The Deterioration of Human Remains and Artefacts in the Cemetery Environment

01st June 2009

Glenys McGowan

PhD, School of Social Science, The University of Queensland, December 2007

In 2000–2002, a salvage excavation was conducted on the site of the old North Brisbane Burial Ground, situated 1.6km from the centre of Brisbane. This cemetery operated between 1843 and 1875 and received some 5000 interments. In keeping with Victorian era funerary tradition, the deceased were interred in wooden coffins covered inside and out with fabric, and fitted with cast iron coffin handles and pressed metal decorations. After the closure of the North Brisbane Burial Ground, it remained neglected and overgrown for 30 years, after which it was resumed by the government and incorporated into a larger land package subsequently used for sporting facilities. Part of this area was also used as a municipal landfill and effluent disposal site for over 40 years. The latest redevelopment in 2000–2002 disturbed 397 graves from the original Burial Ground, and a salvage excavation was conducted to remove the exposed burials. Human remains, coffin wood, textiles and metal artefacts were found to be in a surprisingly poor state of preservation after only 160 years of burial. By the time of excavation, 54% of human remains, 6% of coffin wood, 77% of textiles and 22% of metal coffin furniture had completely disappeared from the archaeological record.

This thesis set out to discover why the human remains and artefacts excavated from the North Brisbane Burial Ground were so poorly preserved. A detailed taphonomic study of the North Brisbane Burial Ground was conducted, including a thorough analysis of soil conditions before, during and after the period of the Burial Ground’s operation up until the time of excavation, and an analysis of the types of degradation affecting the human remains and artefacts excavated from the site. Mathematical equations usually employed in the field of engineering were applied to the Burial Ground site to calculate soil temperature for different depths and groundcover situations throughout the 160 year history of the site, and to calculate the force exerted on coffins and human remains by different depths of overburden. It was determined that the factors responsible for the advanced decomposition of the archaeological assemblage at the North Brisbane Burial Ground site were: soil temperature; soil pH; chemical attack; high soil salt content; fluctuations in groundwater level; the continual addition of micro-organisms to the soil profile; continual disturbance of the soil; and the excessive weight of overburden. While some of these factors could be partly related to climate or the natural environment, most were a direct result of human activity and urban development in the period after the Burial Ground was resumed. The identification of the factors responsible for the degradation of archaeological materials at the North Brisbane Burial Ground has shown that changes in soil conditions caused by a range of human activities are the major determinants of whether human remains and artefacts are preserved or destroyed. A greater understanding of these processes allows more informed decisions to be made regarding the management of inhumation cemetery sites influenced by ongoing urban development.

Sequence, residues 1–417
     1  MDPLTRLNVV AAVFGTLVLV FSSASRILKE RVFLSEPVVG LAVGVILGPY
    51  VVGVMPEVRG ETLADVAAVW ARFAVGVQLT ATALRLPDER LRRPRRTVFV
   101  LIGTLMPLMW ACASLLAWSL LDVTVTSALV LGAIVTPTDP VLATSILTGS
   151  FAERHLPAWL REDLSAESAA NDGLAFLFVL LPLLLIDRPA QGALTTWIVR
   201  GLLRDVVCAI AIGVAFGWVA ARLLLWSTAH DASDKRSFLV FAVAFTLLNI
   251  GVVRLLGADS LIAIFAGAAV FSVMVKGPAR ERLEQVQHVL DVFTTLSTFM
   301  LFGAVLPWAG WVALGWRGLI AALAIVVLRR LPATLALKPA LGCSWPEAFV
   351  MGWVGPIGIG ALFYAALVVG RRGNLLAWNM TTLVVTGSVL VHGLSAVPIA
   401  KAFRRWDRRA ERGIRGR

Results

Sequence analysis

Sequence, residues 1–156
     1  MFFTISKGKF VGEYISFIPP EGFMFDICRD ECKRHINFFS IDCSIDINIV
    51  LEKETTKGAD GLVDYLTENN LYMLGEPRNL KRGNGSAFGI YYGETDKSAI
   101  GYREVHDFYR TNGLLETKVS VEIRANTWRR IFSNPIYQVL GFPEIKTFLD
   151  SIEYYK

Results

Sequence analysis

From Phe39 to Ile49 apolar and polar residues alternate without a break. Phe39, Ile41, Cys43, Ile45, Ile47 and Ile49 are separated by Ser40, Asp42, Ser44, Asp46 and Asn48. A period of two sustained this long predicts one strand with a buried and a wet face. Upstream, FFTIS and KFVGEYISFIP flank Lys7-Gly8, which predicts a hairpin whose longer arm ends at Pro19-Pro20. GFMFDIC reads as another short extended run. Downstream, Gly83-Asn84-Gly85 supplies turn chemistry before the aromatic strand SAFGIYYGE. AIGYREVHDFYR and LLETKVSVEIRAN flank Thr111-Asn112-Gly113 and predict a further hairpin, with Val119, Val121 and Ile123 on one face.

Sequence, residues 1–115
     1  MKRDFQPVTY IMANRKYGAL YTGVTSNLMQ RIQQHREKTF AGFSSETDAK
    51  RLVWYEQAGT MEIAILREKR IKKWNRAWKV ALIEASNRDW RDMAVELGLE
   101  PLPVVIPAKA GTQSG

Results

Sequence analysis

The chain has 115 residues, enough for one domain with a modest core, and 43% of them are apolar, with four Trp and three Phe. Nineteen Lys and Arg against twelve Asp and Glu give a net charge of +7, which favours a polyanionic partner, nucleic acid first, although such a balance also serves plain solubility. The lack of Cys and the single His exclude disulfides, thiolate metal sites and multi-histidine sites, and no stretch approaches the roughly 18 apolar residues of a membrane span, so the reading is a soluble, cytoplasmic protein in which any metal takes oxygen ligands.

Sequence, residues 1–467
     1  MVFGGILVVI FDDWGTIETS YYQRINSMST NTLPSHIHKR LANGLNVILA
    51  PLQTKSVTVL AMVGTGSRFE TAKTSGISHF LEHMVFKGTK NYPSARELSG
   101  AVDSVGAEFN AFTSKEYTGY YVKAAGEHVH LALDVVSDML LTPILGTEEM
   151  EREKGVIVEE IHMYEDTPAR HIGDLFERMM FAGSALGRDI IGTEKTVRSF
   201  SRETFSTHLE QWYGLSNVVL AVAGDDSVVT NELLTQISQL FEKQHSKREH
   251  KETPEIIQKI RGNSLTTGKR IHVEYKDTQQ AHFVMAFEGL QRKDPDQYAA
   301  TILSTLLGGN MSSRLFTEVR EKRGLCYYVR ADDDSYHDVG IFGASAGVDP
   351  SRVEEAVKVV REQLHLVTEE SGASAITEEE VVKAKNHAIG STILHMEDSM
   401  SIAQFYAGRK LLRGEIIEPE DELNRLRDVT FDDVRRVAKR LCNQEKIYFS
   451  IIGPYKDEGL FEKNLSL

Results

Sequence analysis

Glenys McGowan
The Deterioration of Human Remains and Artefacts in the Cemetery Environment
June 2009
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Thesis Abstracts
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